Dr. Barbra Fredrickson of University of Michigan, one of the pioneers of positive psychology, asserts that positive affect broadens cognition while negative affect narrows cognition. To put this into perspective, imagine getting stranded in the forest; in a confrontation with a tiger, you would call upon the specific action tendency to make a split-second decision. Of course, it would be hard to come by any other solution besides running the hell away. But, upon removing the stressor of a wild tiger, one is allowed to be creative with how to go about evading a tiger if one stared them dead in the face, like making a trap or traveling with a bow and arrow. This example illustrates how negative affect serves to narrow and sharpen your attention while positive emotions serve to broaden your scope of thoughts and actions so that you can become a more socially integrated, creative, knowledgeable person.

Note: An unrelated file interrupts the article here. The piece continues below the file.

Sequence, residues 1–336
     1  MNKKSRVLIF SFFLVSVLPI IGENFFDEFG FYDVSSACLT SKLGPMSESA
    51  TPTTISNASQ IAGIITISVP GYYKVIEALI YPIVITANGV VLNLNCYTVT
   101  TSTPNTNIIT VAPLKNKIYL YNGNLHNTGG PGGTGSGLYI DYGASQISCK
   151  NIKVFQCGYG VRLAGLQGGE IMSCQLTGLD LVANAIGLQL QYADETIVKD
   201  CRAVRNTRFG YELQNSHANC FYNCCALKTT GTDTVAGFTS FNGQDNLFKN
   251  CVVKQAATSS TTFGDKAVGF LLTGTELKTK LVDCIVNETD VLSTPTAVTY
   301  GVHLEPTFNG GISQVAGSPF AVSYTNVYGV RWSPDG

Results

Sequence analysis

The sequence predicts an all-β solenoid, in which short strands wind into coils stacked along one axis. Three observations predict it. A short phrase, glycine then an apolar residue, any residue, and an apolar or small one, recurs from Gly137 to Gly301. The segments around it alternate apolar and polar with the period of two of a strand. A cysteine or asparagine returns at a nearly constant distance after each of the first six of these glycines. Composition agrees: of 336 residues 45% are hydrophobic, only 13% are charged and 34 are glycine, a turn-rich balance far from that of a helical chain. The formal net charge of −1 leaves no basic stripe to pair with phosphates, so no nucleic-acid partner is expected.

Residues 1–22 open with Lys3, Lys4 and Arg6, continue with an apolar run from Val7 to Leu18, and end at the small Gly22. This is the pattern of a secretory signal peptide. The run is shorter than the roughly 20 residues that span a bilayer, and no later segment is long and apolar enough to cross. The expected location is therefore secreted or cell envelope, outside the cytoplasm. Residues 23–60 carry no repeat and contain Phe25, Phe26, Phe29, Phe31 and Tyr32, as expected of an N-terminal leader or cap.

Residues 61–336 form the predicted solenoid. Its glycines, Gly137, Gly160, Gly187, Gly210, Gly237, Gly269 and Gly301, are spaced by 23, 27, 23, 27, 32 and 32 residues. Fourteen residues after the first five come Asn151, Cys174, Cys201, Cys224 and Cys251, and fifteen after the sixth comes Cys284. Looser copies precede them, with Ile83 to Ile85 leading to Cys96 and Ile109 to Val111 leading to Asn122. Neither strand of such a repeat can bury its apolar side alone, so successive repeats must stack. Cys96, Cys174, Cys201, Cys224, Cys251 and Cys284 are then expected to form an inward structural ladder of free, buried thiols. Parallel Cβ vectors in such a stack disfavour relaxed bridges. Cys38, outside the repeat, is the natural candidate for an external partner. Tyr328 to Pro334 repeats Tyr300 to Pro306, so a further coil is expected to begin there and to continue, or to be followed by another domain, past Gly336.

Positive emotions serve many purposes; it is hardly an excuse to be self-indulgent. There are many reasons to set time aside to pay attention to your happiness. Here are just a few:
Positive emotions facilitate creativity.
The current literature shows that those who experience positive emotions are more likely to be creative, flexible in thought, and efficient in breaking down information.
In one study, participants primed with a happy video were more likely to list a greater number of things they wanted to do in that moment than those who were primed with a neutral or sad video (Fredrickson & Branigan 2004).
Therefore, being in a positive state of mind can allow more ideas to flow through your mind and make you more creative.